This section provides a brief overview of the most common severe conditions that affect Papipoos, including symptoms. This may be difficult for some readers, so please read with care. Not all dogs have these conditions, but some dogs like Papipoos are more likely to have these conditions due to genetically inherited traits and predispositions. Depending on who you purchase your dog from, you may be able to read about the parent dogs’ medical histories and any likely conditions ahead of time, but some conditions don’t always present until later in life, like Von Willebrand’s Disease, which may not be discovered until after trauma. Below are the more common conditions that affect Papipoos:

  • Epilepsy: A movement disorder like epilepsy or seizures that causes convulsions. If your dog inherits this condition, it may not develop until after 6 months of age. Depending on the severity of the condition, they may lose consciousness during their seizure. Dogs with this condition require lots of supervision to make sure they don’t injure themselves during a seizure.
  • Addison’s Disease: This is a genetic condition that causes a problem with the adrenal gland causing insufficient amounts of hormones to be produced, depending on the type. Primary Addison’s means the adrenal gland doesn’t produce mineralcorteriods and glucococosteriods, requiring replacement therapy for mineralocortioids. Speak with your veterinarian on how to best monitor your dog’s health if they have this condition.
  • Hypothyroidism: This disease is rare in dogs but more common in Papipoos due to their parent breeds. It occurs when there is an underproduction of hormones produced by the thyroid gland. Lack of energy can be a symptom of this condition, which should be monitored and treated as soon as it’s noticed to keep your dog healthy and happy.
  • Von Willebrand’s Disease: This is the most commonly inherited bleeding disorder for both humans and dogs. It’s usually detected upon birth or during surgery like spaying or neutering where a surgeon can tell the blood flow is excessive and clotting is slow, but it may go undetected until the dog is an adult depending on the severity of the condition. It’s not possible to cure the disease, but treatments are available if the condition is very severe. Treatments should be discussed with a veterinarian along with protocols for keeping the dog from injuring itself. This condition can cause problems with blood clotting, causing spontaneous hemorrhage from mucus membranes in the nose or mouth, vagina, bladder. It can also cause excess bleeding during childbirth or after trauma. Dogs may die if treatment isn’t provided, so it’s important to keep in contact with your vet if the condition is diagnosed in your pet. It’s detectable in a simple in office test that detects the level of von Willebrand factor in the blood. If the level is too low, your veterinarian will discuss treatment options with you.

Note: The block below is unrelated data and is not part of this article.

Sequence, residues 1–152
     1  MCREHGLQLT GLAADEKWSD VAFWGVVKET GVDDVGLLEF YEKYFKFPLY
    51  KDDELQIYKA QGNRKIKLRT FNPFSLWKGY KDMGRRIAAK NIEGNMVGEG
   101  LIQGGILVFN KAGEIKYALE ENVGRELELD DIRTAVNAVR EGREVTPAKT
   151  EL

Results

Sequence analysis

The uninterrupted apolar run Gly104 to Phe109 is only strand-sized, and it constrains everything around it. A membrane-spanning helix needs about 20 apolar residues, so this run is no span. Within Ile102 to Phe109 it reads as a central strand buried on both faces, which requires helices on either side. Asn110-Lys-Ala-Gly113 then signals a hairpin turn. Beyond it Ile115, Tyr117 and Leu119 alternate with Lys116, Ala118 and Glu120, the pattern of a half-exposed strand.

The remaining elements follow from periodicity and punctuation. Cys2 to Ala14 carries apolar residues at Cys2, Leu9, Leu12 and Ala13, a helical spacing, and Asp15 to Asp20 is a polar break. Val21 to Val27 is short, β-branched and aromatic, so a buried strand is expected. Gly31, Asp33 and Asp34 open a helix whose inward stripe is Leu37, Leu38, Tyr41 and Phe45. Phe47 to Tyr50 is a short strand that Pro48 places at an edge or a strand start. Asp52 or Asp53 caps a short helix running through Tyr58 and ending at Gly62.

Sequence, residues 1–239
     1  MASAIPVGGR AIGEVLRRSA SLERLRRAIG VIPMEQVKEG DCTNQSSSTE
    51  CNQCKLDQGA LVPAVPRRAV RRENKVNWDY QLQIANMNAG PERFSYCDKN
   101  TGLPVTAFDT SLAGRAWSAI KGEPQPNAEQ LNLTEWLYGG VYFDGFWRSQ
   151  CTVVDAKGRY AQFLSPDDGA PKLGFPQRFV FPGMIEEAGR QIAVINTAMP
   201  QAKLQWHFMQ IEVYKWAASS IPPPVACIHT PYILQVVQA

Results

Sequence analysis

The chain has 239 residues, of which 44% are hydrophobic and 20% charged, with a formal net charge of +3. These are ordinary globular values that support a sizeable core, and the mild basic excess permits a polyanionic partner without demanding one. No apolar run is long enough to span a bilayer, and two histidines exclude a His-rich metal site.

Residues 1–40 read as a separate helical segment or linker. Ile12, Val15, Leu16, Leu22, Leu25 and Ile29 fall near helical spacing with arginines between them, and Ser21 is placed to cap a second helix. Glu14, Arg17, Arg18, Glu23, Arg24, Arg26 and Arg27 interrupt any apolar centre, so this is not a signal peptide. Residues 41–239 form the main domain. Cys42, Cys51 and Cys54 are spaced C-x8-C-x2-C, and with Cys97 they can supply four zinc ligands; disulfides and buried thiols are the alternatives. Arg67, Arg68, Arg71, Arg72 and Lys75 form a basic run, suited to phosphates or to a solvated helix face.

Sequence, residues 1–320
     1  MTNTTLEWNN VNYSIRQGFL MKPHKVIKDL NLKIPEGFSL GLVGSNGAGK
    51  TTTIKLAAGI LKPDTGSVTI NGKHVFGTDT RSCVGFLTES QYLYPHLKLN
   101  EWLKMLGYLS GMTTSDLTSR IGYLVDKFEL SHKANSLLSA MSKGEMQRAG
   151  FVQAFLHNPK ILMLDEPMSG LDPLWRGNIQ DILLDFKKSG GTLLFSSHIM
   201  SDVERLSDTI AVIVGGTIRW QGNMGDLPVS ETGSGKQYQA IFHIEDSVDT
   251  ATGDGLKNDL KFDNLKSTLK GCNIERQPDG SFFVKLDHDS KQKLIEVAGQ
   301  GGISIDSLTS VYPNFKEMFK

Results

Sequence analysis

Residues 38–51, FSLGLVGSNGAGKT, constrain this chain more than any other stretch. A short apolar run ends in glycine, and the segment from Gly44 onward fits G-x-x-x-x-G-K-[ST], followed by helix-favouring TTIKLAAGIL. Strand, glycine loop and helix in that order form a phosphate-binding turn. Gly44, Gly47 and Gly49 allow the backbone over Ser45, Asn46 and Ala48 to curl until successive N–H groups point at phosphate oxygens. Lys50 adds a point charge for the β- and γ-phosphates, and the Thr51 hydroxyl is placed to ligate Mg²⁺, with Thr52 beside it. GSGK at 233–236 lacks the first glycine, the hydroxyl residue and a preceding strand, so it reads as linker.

• Legg-Calve Perthes Disease: This condition deforms the head of the femur in one or both of the rear legs, which in turn deforms the hip joint. The disease causes lameness eventually after limping due to difficulty bearing weight without pain. Most cases of Legg-Calve Perthes Disease are genetic, but trauma can also cause the condition in a dog that’s not predisposed to it. Surgery is required in order to treat most conditions of Legg-Calve Perthes Disease, but the condition can be monitored for cage rest, a treatment where blood flow is resumed by keeping the dog laying down in a cage without normal activity.
  • Hip Dysplasia: This condition is due to an abnormal formation of the hip socket. This occurs when bone growth isn’t uniform during puppyhood, usually due to inherited traits but sometimes affected by environment. This can cause decreased range of motion and difficulty with activity, leading to possible lameness. Treatment options are varied, with non-surgical treatments possible in many cases including medicine, exercise, and other health intervention methods. Surgical interventions are also available if the condition requires it.
  • Patellar Luxation: This is one of the most common conditions in small dogs. It occurs when the knee cap floats outside the femoral groove it normally rides. The dislocation of the kneecap causes problems with function and causes discomfort for the animal. Your veterinarian is likely to suggest surgery along with other treatments depending on the age of your Papipoo.
  • Eye Problems: This is a common problem for small dog owners. Conjunctivitis, dry eye, and other conditions that irritate can become a recurrence. Treatments with saline washes can help, but anything lingering should be discussed with a veterinarian.

Are Papipoos hard to train?

These small dogs especially benefit from training since they may turn to mischief if they’re not stimulated enough to play on their own. Try obedience, agility, sports, or occupation training with your Papipoo to keep them well rounded and too busy for mischief. Training is a great way to bond, and many dog parks offer areas for agility training. You may find yourself making friends with other dog owners with regular visits to the park, but your dog is likely to make friends first. Papipoos are naturally outgoing and will race to see new faces at the dog park.

You may find simple command training to be a snap to teach your smart little friend. There are lots of videos online about how clicker training works that you can use to teach your dog complex commands. Clicker training is so effective it’s even used on dogs in Hollywood and other trained animals for films and television. This is also one of the cheapest training methods, requiring only treats and a small plastic clicker to use as a noisemaker. Of course, there are apps for this sound available today.